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Aerating and Fertilizing Your Lawn

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Aerating and Fertilizing Your Lawn

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Ah, spring. Take advantage of the season and prepare your lawn for maximum lushness. From aerating your lawn and fertilizing your lawn to repairing dead patches of grass to top dressing your lawn, now’s the perfect time to lay the tracks for spring lawn perfection.

How to Fix Dead Spots in Your Lawn


Spring is the time to repair dead patches in your lawn. To repair dead patches, begin by raking out dead grass or use a shovel to slice off the dead turf. Dispose of this layer. Then use your 20V MAX* Cordless Cultivator/Tiller to cultivate the area. Start shallow and gradually move deeper as the soil loosens. Make sure you are not working over sprinkler lines! Add a layer of compost and use the Garden Cultivator to mix it into the top two or three inches. Lightly tamp down the soil. The soil should be even with the surrounding soil level. Then scatter seeds or lawn patch over the bare area. Finally, water well. Protect the area from traffic and water every day until seedlings are well established.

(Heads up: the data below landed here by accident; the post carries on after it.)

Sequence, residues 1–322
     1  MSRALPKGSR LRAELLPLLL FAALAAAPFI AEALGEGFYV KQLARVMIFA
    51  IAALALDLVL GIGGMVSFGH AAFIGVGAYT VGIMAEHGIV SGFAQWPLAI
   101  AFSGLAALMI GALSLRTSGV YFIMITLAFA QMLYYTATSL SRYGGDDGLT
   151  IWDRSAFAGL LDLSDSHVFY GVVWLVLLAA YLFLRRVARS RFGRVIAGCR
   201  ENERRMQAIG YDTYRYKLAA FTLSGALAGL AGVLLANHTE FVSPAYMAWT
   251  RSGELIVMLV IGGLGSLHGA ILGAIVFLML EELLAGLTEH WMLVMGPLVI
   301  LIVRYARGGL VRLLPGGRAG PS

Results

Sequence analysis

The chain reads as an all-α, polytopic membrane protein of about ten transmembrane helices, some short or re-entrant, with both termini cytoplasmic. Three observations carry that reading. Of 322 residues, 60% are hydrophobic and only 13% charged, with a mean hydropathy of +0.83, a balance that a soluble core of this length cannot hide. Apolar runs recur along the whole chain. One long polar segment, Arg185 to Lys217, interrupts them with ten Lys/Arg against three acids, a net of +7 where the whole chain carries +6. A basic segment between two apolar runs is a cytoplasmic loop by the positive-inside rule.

Timing is Everything

When to fertilize your lawn—and how to fertilize your lawn—are some of the biggest questions in lawn care. Lawns wake up in the spring and go dormant in the fall, regardless if they are warm season or cool season grasses. They both need a dose of fertilizer during the wake-up period, however each is slightly different.

When to apply lawn fertilizer depends on the type of grass you have. Spring is the most important application time for grasses that grow during the warm season (also known as warm-season grasses). They need nutrients to establish strong roots and promote leaf growth. A slow-release fertilizer is a good idea to prevent overly rapid growth in warm-season grasses. Light, frequent doses of fertilizer are appropriate all summer long to maintain steady growth. Warm- season grasses stop growing during the fall, so fertilizer is not necessary.